Are the measures imposing discrimination between service providers?
The Italian legislation on sports betting imposes a monopolistic structure. One can consider that there is discrimination between national and foreign service providers, when the latter are excluded from deploying their economic activities in the member state concerned. In fact, the attribution of a concession to national operators can prejudice the position of foreign operators. Having considered the facts of the case, the Advocate-General concluded that that imposed measure was discriminatory for two reasons. The legislation a quo did not only excluded certain legal entities from obtaining the required concession, but moreover it also required that a concession holder would have an Italian office.
Are the measures justified, proportional and necessary?
Following the jurisprudence of the court in the Zenatti case, Advocate-General Alber directly proceeded with an analysis of the reasons of general interest. The Italian government evoked three such reasons to justify the adopted restriction: i) the prevention of crime, ii) the protection of players and iii) the re-allocation of profits to public funds. Notwithstanding the fact that the court considered in the Zenatti case that it belonged to the national jurisdictions to assess the justification in question, Alber estimated that a thorough analyzes was in order.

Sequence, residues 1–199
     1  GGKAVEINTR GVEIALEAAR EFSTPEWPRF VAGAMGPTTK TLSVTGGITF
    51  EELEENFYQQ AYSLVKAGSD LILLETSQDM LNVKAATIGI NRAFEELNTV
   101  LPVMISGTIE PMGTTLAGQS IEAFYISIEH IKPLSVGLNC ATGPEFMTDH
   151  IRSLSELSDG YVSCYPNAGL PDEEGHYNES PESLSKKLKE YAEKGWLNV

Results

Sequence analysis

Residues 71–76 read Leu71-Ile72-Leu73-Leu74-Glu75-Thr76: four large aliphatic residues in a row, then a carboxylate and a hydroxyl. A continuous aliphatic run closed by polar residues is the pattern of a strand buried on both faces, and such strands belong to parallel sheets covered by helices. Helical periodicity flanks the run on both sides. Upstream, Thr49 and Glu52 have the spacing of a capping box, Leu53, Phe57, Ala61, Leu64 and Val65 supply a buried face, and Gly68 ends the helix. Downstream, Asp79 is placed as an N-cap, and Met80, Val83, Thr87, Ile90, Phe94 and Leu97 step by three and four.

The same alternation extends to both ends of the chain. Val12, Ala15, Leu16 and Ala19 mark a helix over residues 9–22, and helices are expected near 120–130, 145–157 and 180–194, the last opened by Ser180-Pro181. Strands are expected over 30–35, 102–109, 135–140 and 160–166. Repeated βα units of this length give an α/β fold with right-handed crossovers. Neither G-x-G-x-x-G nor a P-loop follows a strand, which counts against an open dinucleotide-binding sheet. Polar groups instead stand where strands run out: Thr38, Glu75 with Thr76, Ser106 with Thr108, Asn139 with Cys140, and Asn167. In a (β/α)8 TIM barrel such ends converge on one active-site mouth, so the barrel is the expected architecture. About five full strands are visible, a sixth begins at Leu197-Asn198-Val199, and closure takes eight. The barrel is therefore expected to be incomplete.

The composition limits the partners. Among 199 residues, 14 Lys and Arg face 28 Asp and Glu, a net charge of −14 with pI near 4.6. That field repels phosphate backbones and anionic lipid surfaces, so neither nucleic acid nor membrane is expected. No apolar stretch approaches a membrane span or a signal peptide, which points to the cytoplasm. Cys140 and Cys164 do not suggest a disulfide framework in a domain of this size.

- To Fight Criminal or Fraudulent Organizations
As for the first justification, the Advocate-General held that games were subject to a proper regulation in almost all the Member States and that the underlining ratio legis is often similar. For this reason the authorities of the country of destination, i.e. Italy, should accept that the control exercised by the competent authorities of the country of origin is a sufficient safeguard to counter criminal acts or fraudulent schemes. In connection hereto, it should be underscored that this reasoning is closely connected to article 3 of Directive 2000/31/EC on electronic commerce. In article 3, the so-called internal market clause, it is stated that i) each Member State shall ensure that the information society services, including online gaming services, provided by a service provider established on its territory comply with the national provisions applicable in that Member State and ii) that Member States may not restrict the freedom to provide information society services from another Member State.
- The Protection of Players and Society at Large